Wednesday, September 18, 2013
Rid of My Shame: Opening Up About Mental Health Issues (Part I)
Last night, Pastor Rick Warren of Saddleback Community Church in California shared his family's story of their son's suicide in April after a lifelong battle with mental health issues. My wife and I watched with tears as we imagined their anguish and grief.
One of the things that stood out to me from the interview was Pastor Rick's words about mental health issues in our country. He spoke about how mental health problems are still a lingering taboo in our culture. People don't like talking about or admitting they struggle with these things. As somebody who has dealt with ongoing bouts of anxiety and panic attacks, I know exactly what he is talking about.
When my son, Kaleb, was born, he had numerous medical issues. We lived in the hospital for months. Two months after he was born, doctors felt he needed to have surgery to fix what was going on. To make a long story much shorter, the surgery went incredibly wrong, leaving his life in the balance. We were faced with decisions about his care that would determine whether he lived or died. We chose to fight. That fight was a two year battle which finally led to Kaleb receiving a kidney transplant. However, the battle had taken its toll.
Approximately six months into Kaleb's treatment and hospitalization, I had a panic attack driving down the road. I was on my way to a college class, and out of nowhere, had a full scale panic attack. My heart was pounding rapidly. I thought I was having a heart attack. I broke into a cold sweat. I was freaking out. I pulled over on the side of the road and started crying. I called my wife, trying to calm myself down. I explained to her what had just happened, but even as I explained it, I felt foolish. What was wrong with me? Am I going crazy? What just happened? Will this happen again? All these questions and more lingered the entire day at school.
Living with Mental Health Struggles
Nothing like this had ever happened to me. Until this point, I was a picture of perfect health, especially mentally. Over the course of the next several months and years, I would deal with these attacks. I would feel anxiety driving in my car, laying in the bed to sleep at night, sitting in a movie theatre, riding in a plane, and many other places. I learned a few weeks after my first attack this was called anxiety. I was told many people suffer with it. This both comforted me and saddened me. I had never had any issues like this before. Prior to these episodes, I would have dismissed such things as created in the mind, not a real issue.
I felt I was crazy, or at least going crazy. I wondered if telling other people about my struggles would only confirm this thought. I didn't know how to explain to people what was happening, because explaining it only confirmed (in my own mind) how ridiculous it was. I was ashamed. I attempted so hard to "think about something different." But it doesn't work that way. You cannot control it with mind over matter. Mental health doesn't work like that. It is real. You can't outtalk it. You can't manipulate yourself into dismissing its realness. You can't reason your way out of it.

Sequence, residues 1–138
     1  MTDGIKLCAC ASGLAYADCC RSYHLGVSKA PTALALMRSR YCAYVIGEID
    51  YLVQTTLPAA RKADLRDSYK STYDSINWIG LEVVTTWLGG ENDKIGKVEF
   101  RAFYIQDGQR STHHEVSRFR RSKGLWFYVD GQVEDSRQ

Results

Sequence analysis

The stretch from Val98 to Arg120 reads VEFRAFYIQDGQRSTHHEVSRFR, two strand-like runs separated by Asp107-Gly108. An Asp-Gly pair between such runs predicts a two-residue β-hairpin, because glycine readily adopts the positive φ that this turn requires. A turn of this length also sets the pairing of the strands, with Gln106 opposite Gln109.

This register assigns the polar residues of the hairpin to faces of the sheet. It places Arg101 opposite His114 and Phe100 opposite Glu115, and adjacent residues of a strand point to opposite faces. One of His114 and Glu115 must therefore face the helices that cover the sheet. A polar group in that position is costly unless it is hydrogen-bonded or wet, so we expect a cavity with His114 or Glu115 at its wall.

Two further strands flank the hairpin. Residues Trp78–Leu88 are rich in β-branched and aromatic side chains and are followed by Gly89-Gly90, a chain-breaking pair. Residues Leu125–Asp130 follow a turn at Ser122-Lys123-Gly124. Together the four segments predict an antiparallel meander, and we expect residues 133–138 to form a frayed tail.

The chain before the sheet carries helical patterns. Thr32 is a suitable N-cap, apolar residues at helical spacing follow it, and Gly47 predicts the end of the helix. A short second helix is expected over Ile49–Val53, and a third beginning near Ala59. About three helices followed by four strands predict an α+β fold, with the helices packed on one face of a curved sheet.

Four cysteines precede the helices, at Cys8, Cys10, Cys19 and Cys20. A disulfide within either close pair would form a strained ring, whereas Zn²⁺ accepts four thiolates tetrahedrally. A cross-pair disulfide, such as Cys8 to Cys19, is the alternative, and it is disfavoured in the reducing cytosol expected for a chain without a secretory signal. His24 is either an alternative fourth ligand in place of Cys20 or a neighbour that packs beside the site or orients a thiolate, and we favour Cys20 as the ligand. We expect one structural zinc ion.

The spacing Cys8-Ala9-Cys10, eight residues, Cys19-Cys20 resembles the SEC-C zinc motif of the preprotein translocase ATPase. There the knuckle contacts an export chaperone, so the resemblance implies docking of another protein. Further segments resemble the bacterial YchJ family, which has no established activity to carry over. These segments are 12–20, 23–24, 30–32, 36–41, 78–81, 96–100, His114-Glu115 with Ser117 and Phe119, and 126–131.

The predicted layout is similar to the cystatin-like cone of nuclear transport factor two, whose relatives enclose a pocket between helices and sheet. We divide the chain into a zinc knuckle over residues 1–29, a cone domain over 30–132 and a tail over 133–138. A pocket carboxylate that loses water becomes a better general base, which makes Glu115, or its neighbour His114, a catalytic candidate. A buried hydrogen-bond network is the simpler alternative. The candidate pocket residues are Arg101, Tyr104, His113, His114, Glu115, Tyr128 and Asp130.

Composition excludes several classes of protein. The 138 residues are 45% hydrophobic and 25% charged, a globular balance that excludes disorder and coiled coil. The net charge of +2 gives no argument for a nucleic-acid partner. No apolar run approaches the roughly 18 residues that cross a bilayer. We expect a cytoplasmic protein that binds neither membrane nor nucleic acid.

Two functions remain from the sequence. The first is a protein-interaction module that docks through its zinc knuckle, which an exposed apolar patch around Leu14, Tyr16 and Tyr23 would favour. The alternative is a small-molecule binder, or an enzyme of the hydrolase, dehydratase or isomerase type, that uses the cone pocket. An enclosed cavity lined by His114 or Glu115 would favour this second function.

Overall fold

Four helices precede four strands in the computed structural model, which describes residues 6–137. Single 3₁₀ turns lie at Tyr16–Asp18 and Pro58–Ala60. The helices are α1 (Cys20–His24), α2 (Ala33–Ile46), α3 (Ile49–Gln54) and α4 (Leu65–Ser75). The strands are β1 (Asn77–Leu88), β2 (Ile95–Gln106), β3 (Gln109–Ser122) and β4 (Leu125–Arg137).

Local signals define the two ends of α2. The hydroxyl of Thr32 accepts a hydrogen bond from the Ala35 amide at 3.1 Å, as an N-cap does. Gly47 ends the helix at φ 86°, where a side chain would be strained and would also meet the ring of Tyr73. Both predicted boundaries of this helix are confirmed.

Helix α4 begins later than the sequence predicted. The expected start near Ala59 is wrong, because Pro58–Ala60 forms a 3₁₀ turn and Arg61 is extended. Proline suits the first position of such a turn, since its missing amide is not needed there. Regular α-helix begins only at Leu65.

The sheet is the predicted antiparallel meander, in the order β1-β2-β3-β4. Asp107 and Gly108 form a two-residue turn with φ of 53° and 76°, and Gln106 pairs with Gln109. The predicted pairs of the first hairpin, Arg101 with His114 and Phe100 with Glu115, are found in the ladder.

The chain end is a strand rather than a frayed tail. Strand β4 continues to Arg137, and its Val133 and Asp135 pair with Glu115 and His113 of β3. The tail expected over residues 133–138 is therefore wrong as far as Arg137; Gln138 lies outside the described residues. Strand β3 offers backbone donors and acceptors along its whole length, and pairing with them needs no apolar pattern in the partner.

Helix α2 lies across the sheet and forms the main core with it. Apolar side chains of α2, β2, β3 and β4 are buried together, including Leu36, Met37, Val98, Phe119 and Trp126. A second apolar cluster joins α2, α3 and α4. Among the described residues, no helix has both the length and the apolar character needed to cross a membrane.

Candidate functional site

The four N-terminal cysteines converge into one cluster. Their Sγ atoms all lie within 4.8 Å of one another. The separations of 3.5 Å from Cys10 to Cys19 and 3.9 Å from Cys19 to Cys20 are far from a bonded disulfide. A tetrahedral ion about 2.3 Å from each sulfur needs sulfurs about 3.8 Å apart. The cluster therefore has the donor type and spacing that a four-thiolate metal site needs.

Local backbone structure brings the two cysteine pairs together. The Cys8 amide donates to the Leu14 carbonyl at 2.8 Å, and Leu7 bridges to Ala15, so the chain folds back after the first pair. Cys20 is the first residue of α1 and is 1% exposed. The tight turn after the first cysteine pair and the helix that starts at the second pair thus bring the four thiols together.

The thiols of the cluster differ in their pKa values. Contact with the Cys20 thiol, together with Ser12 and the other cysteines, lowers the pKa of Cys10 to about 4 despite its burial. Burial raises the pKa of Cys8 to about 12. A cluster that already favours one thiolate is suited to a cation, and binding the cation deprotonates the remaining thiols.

At one point, during some of the worse times I faced, I remember thinking to myself: this is why some people commit suicide. I get it now. I wasn't suicidal, nor have I ever considered it. But for the first time in my life, I finally understood the feeling of hopelessness that ensues when you think your misery and suffering will never end. When I would sit and think about struggling with anxiety and panic attacks for the rest of my life, it would depress me.
But friends, we are not hopeless. There is a God who gives grace to us in our hour of need. It is a sufficient grace that comforts us, even in our afflictions (2 Corinthians 12:9). I have found this true. It doesn't mean that my problems always go away or get better. It means that I have a hope and comfort from God that accompanies me in the suffering. Even when the suffering doesn't lift, I know He is with me.
Lastly, to all who have or are struggling with mental health issues, it's okay to talk about it. You are not strange. You do not have to be ashamed. There are others who face the things you battle each day. I have found that sharing my struggles over the last few years with others has opened conversations about their own struggles. Talking about it has actually helped me. I hope this post will serve to do the same. You don't have to live silent about your struggles. Get rid of your shame. You are not alone.
Tomorrow in Part II, I will discuss ways that I have found hope and help in my struggles with mental health. We'll talk about misconceptions and what I believe to be poor Christian counsel on this subject.
Leave a comment below if this is something you or someone you loved has faced. What do you struggle with? What has been helpful to you? What feelings and emotions have you carried with this battle?
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